The MPP has a core curriculum of economics, political science, quantitative methods and philosophy for public policy, combined with an in-depth review of contemporary theories and practice for the management of public organisations. It is these skills and competencies that you will need to take you to the next step in your career in public policy.
The core courses of the programme all apply leading scholarship to policy-making, thus ensuring your immersion in the richest and most innovative research in the field. The MPP has been developed to harness LSE's expertise across these disciplines and fields central to public policy. This degree will provide you with a unique understanding of the complex challenges of contemporary governance, providing a real-world context to the policy-making skills you will develop.
Introductory teaching (non-assessed)
Prior to the start of the degree, you will need to attend introductory classes from mid-September. These will include a welcome session, registration and compulsory Introductory courses in mathematics and statistics. This precedes the start of full teaching for the Michaelmas term
The programme consists of four units in total – including three units of core courses, listed below, and a further one unit of options courses from a range of courses from within the School of Public Policy. This combines a fundamental grounding in core disciplines that are central to public policy, and allows you to tailor your options to your own interests and career goals. Some of the option courses will require prior study in economics, and would require the permission of the Course Convenor. Indicative options are listed below.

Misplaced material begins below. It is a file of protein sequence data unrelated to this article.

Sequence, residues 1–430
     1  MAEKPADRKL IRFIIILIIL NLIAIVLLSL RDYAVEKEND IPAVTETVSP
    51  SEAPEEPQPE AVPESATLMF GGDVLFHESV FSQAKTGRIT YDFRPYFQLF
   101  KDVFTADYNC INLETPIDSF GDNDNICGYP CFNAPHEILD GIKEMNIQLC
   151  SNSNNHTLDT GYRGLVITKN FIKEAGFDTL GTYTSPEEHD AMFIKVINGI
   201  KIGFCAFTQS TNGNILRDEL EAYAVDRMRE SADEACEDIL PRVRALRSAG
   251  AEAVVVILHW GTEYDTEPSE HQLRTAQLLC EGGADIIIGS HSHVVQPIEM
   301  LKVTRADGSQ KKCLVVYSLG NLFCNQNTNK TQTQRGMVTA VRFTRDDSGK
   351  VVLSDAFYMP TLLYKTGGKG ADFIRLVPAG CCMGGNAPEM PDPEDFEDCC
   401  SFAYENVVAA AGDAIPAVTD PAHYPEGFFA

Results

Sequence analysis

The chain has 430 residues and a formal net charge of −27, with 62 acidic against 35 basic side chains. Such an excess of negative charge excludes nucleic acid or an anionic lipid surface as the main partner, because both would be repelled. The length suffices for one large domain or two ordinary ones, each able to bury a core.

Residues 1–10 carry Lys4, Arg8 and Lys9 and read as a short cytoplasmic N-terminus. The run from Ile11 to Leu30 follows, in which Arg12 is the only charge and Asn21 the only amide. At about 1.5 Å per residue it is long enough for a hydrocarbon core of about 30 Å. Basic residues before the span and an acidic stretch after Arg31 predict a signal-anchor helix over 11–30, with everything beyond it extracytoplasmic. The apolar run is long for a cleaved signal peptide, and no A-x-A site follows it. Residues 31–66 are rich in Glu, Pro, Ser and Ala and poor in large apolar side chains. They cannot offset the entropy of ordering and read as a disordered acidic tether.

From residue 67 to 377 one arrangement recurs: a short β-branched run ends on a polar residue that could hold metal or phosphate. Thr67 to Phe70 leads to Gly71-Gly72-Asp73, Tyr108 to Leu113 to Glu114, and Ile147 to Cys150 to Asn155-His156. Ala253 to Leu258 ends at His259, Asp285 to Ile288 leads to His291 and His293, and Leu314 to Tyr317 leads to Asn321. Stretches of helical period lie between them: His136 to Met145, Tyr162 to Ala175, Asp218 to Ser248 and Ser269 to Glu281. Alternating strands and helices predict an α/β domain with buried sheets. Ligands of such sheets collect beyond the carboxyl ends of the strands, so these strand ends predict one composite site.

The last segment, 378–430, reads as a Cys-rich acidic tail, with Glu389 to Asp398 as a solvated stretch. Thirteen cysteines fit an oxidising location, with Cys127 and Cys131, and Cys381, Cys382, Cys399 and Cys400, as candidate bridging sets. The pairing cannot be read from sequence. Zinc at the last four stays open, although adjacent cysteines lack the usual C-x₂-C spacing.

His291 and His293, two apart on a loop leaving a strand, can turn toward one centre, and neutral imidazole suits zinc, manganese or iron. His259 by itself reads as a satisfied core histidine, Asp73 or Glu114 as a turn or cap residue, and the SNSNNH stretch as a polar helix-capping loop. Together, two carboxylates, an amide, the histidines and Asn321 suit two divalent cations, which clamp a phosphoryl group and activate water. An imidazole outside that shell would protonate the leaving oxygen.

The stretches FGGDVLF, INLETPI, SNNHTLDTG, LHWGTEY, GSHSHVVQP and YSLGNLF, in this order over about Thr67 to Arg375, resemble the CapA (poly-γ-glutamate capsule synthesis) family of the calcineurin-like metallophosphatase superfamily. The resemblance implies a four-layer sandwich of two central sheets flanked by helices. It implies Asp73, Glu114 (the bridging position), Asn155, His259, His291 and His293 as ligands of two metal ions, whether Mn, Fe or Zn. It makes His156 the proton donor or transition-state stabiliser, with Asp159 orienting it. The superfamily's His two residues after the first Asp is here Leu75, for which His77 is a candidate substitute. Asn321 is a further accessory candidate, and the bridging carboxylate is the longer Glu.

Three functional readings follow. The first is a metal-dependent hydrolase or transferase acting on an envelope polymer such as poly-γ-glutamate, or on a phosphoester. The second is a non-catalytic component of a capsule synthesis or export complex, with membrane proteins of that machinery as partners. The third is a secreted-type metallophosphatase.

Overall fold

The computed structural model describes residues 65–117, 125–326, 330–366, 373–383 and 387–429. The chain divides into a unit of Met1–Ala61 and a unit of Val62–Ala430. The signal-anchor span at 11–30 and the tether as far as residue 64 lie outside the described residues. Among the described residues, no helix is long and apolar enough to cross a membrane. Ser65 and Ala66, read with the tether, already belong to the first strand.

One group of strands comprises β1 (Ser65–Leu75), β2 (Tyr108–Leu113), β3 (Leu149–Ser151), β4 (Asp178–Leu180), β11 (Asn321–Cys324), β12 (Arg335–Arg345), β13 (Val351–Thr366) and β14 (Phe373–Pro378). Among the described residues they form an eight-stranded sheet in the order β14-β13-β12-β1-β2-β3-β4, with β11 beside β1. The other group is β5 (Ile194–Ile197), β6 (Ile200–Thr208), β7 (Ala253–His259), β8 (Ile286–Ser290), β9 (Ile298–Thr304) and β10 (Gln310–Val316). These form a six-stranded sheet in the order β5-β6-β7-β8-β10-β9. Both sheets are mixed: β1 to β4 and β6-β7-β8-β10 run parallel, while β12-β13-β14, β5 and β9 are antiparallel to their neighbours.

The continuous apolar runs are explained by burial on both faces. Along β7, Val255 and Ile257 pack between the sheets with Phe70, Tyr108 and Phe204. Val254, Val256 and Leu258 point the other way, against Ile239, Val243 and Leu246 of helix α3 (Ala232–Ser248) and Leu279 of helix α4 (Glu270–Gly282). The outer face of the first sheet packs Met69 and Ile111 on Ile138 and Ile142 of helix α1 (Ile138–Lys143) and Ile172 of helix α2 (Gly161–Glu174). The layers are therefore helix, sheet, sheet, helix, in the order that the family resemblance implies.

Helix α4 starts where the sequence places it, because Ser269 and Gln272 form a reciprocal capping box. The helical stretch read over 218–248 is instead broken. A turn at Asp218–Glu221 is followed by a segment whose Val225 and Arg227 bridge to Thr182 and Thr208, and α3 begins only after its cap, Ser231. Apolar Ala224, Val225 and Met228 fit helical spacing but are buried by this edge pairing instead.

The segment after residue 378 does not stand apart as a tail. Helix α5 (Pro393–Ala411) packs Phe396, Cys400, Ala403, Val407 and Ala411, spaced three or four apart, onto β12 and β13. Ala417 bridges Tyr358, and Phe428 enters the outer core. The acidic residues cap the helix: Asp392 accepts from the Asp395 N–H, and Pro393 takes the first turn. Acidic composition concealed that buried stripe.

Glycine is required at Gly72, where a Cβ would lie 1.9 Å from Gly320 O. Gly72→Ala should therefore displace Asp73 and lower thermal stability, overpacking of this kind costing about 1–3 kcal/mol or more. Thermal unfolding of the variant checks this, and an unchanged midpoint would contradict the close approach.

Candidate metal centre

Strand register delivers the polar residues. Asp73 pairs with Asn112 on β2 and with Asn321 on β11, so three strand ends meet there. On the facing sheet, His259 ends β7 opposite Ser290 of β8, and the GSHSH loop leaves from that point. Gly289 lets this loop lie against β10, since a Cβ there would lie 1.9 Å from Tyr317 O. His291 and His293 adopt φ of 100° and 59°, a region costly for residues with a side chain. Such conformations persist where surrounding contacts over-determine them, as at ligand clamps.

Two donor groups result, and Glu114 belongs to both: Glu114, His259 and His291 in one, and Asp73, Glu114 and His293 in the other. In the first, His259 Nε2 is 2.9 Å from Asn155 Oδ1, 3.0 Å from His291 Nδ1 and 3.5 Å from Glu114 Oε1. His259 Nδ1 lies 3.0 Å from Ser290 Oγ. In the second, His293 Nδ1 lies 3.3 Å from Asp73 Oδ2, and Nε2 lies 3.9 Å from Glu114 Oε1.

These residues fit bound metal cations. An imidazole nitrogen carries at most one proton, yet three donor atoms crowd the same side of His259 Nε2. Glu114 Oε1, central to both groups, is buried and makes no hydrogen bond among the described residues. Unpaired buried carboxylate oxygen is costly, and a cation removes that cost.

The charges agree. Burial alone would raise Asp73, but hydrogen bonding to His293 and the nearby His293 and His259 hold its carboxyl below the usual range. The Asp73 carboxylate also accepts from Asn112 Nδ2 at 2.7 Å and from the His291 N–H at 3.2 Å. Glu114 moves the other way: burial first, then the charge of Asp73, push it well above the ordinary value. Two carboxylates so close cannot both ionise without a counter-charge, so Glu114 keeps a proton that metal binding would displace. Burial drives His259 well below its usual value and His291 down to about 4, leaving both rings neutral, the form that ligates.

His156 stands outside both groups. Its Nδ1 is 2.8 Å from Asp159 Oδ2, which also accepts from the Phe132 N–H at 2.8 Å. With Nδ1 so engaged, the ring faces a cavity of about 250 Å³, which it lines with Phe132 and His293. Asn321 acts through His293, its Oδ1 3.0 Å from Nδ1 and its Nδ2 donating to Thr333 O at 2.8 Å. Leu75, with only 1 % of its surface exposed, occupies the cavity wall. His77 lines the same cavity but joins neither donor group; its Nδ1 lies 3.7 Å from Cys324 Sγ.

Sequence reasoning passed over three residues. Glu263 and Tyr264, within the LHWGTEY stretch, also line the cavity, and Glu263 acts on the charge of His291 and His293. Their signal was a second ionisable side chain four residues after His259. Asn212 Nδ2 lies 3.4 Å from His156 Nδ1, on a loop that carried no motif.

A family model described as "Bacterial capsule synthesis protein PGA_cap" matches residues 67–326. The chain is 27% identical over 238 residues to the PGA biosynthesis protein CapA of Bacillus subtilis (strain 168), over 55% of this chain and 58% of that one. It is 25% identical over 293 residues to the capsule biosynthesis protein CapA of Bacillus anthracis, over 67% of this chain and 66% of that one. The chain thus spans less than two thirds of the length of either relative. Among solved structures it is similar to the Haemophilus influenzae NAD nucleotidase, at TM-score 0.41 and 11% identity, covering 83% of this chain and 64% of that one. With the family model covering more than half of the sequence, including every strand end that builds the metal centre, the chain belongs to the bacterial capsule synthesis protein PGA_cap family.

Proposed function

(* denotes a half unit)
Political Science for Public Policy*
On this course you will learn how to understand and analyse empirically the political context of policymaking. This will include how political behaviour (such as voting behaviour, elections and lobbying), interacts with political institutions (such as electoral systems, different models of government or central banks) to create political outcomes (such as economic policies, development aid and ethnic conflict).
Quantitative Methods for Public Policy*
This course will introduce you to some of the key principles and tools of quantitative evaluations which underpin policy interventions and outcomes. The emphasis is on the practical application of these tools to real-life situations, including the difference between correlation and causality, the use of randomised experiments, and understanding of how and when difference-in-differences regressions can be effectively used.
This course offers an intensive introduction into key literatures and themes in the study of public management. Applied to both developed and lesser developed world contexts, you will learn about public sector reform, coordination and collaboration, bureaucracies, professionalism and motivation, performance management, crisis management, leadership, institutional capacity building, cutback management and organisational learning. Your teaching will be paired with insights to the success, or otherwise, of different models and approaches.
Economics for Public Policy*